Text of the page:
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“The March on Washington – Today and 50 Years Ago” By Clark S. Judge

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The weekly column from Clark Judge

The March on Washington – Today and 50 Years Ago
By Clark S. Judge: managing director, White House Writers Group, Inc.; chairman, Pacific Research Institute

Today is the 50th anniversary of the 1963 civil rights March on Washington and Martin Luther King, Jr.’s “I have a Dream” address.

A commemorative march will climax with speeches on the same site as Dr. King’s storied remarks. President Obama will take the role of star speaker, clearly a marker for how much the nation has changed in the years since that long-ago day – as will be the presence of former president’s Jimmy Carter and Bill Clinton, both Southerners and (unthinkable for major politicians from the South in 1963) both strong supporters of civil rights. The day will mark great and essential transformations in American life.  It will also mark great misunderstandings about the past and the present.

Start with the present.

There will be much talk about jobs and justice.  In a reality-based world, for this president to embrace a true jobs agenda would require an about-face in his current economic policies.  He would cut taxes and regulations, rather than try to increase them.  He would abandon his health care reform for the free-market agenda.   He would call for the repeal of two other major job-killers – Dodd-Frank and Sarbanes-Oxley.  He would approve the Keystone pipeline and call the EPA off its lawless romp against American industry and agriculture, including its attempt to defy Congress and impose a radical climate change policy on the nation. 

Then, too, in a reality based world, a presidential call for justice would signal an about face on the administration’s recently renewed opposition to school choice and the minimum wage.  Blocking school choice and increasing the minimum wage are the modern equivalents of Jim Crow laws for young, poor African-Americans in particular.  They raise barriers against these young men and women gaining an education that can lead to a satisfying career, as well as barriers preventing initial jobs from even being available to them in the first place.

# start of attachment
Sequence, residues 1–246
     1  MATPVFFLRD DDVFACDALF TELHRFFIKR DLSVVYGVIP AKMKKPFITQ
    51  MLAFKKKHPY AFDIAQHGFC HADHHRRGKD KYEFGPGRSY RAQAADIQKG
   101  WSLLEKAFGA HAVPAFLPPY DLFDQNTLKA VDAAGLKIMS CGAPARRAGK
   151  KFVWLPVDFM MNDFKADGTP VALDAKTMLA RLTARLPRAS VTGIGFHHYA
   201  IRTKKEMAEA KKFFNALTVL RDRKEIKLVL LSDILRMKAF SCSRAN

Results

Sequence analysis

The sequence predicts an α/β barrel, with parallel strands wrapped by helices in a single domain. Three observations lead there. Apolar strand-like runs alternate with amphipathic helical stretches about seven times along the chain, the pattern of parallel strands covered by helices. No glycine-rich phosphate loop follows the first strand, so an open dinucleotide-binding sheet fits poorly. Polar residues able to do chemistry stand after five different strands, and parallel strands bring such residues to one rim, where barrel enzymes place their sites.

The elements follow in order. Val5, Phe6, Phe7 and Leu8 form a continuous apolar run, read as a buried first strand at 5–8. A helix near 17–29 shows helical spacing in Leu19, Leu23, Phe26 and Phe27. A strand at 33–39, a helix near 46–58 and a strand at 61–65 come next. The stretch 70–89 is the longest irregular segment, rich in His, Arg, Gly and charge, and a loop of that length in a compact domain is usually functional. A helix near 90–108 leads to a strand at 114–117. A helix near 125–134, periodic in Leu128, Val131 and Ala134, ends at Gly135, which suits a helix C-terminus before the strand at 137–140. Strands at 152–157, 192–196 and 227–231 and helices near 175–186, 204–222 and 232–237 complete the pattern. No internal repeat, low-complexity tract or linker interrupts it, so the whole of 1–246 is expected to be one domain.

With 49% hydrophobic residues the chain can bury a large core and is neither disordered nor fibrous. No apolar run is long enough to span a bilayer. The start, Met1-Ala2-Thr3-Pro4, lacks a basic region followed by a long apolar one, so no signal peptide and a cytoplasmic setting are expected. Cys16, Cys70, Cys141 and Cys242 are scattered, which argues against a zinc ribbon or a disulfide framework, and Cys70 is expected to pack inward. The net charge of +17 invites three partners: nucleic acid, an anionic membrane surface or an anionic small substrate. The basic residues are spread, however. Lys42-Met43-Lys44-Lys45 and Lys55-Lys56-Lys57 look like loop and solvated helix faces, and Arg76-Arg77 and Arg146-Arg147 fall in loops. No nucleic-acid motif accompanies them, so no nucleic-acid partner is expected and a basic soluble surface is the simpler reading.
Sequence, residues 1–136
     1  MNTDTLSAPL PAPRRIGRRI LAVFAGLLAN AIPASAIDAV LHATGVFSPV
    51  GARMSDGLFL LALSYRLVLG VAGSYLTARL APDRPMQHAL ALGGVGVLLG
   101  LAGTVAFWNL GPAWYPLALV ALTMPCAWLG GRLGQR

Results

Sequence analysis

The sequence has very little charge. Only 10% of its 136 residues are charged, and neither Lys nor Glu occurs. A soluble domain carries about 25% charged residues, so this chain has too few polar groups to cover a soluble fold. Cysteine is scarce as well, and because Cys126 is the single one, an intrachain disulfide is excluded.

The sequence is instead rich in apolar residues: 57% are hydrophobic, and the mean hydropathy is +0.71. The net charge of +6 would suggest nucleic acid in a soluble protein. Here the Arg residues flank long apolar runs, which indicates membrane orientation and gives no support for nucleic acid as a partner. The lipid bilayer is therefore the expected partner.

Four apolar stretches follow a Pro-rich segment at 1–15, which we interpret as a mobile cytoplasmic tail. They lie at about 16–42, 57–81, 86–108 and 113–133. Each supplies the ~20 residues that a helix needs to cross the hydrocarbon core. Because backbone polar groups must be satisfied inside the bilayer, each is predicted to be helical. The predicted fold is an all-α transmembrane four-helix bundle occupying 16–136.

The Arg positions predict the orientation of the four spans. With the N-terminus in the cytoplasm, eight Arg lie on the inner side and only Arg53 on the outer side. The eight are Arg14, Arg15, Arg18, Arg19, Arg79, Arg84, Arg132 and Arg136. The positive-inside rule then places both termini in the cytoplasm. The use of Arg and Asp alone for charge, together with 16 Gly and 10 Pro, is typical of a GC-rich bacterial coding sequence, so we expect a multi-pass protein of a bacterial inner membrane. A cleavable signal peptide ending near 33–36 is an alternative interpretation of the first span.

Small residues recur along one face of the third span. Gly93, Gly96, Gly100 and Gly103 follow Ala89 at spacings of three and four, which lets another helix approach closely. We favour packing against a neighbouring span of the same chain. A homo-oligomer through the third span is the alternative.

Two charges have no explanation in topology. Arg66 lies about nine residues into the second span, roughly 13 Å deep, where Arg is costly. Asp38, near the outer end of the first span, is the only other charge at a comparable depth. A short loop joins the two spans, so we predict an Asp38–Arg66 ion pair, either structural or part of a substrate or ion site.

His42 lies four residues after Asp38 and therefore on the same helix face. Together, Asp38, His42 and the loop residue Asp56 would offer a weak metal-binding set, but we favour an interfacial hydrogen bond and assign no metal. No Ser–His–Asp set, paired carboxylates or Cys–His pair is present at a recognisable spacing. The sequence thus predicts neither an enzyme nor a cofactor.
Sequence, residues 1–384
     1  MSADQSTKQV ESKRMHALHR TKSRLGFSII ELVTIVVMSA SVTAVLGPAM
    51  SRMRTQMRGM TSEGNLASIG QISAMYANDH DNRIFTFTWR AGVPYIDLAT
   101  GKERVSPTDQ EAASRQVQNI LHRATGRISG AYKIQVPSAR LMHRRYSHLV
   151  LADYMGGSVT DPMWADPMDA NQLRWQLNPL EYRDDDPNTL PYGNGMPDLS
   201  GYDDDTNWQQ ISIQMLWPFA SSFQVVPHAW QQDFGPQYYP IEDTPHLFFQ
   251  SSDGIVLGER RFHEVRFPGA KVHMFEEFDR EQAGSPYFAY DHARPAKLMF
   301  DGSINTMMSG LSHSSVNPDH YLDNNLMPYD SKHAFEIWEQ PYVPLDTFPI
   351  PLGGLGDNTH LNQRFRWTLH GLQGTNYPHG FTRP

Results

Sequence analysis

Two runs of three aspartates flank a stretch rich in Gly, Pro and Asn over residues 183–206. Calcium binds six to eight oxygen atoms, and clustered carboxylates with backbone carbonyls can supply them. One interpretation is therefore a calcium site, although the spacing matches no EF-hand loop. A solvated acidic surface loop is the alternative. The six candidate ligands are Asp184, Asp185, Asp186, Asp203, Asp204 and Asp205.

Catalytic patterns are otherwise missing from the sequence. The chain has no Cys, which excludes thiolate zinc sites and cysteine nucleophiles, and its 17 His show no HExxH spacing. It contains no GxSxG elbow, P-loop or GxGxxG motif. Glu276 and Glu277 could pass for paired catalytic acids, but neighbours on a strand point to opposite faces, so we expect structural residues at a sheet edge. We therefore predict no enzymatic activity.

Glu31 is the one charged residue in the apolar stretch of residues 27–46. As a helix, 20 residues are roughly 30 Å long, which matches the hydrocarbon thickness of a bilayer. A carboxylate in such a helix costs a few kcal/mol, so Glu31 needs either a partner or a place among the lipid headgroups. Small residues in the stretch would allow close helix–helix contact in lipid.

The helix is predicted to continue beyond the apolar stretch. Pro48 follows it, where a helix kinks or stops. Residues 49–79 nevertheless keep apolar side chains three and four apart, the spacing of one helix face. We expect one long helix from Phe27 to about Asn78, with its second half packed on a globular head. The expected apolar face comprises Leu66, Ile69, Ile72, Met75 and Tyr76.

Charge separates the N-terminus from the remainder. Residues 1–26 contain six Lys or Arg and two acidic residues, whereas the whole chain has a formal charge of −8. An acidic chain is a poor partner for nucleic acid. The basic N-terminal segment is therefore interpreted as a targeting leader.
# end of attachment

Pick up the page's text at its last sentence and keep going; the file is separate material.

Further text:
But Washington today is far from reality based.  So we can expect the speakers and especially the president to double down on the failed policies of the last four and a half years.  For those concerned about real jobs and real justice in the real world, the rhetoric at today’s ceremonies will feel unreal.

What about the misunderstanding of the past?

Start with a remark Lyndon Johnson supposedly made after signing the 1964 Civil Rights Bill, almost exactly a year to the day following the 1963 march.  The story is that he said his signature would end the Democratic Party’s dominance of the South.  Liberals have taken the remark as meaning that segregationists would go to the Republican Party, making it the anti-civil-rights party and explaining their party’s losses in the region in the year’s that followed.

In fact, from the Civil War through the end of the Civil Right era, the GOP was united behind full equality before the law for African-Americans.  This solid wall of support included the party’s most prominent dissenter from the 1964 Act, Barry Goldwater.  Goldwater considered the goal right but the means mistaken.  His massive defeat in the subsequent presidential election came because so many Republicans considered his Senate vote unacceptable.  The 1964 election only confirmed that so long as segregation was an issue, an enduring north-south coalition within the Republican Party was out of the question.  Traditional Republicans would not stand for it.

Johnson’s signature spelled the legal end to segregation, with the quiet diplomacy of Richard Nixon’s Justice Department five year’s later ending segregation in fact.  After that, the pre-Civil War North-South Whig coalition reformed over defense and economic issues, accounting for Nixon’s huge win in 1972.  Eight years later, Ronald Reagan attracted other South voters concerned about social issues, leading to the South’s politics of our time.  But again, none of this transformation would have been possible until the end of segregation.

Today’s speakers will be clueless about both the present and the past.  Still, however mistaken they are, on one fact all Americans can agree: the nation is far better and in critical ways truer to its founding ideals today thanks to the marchers and speakers of 50 years past.


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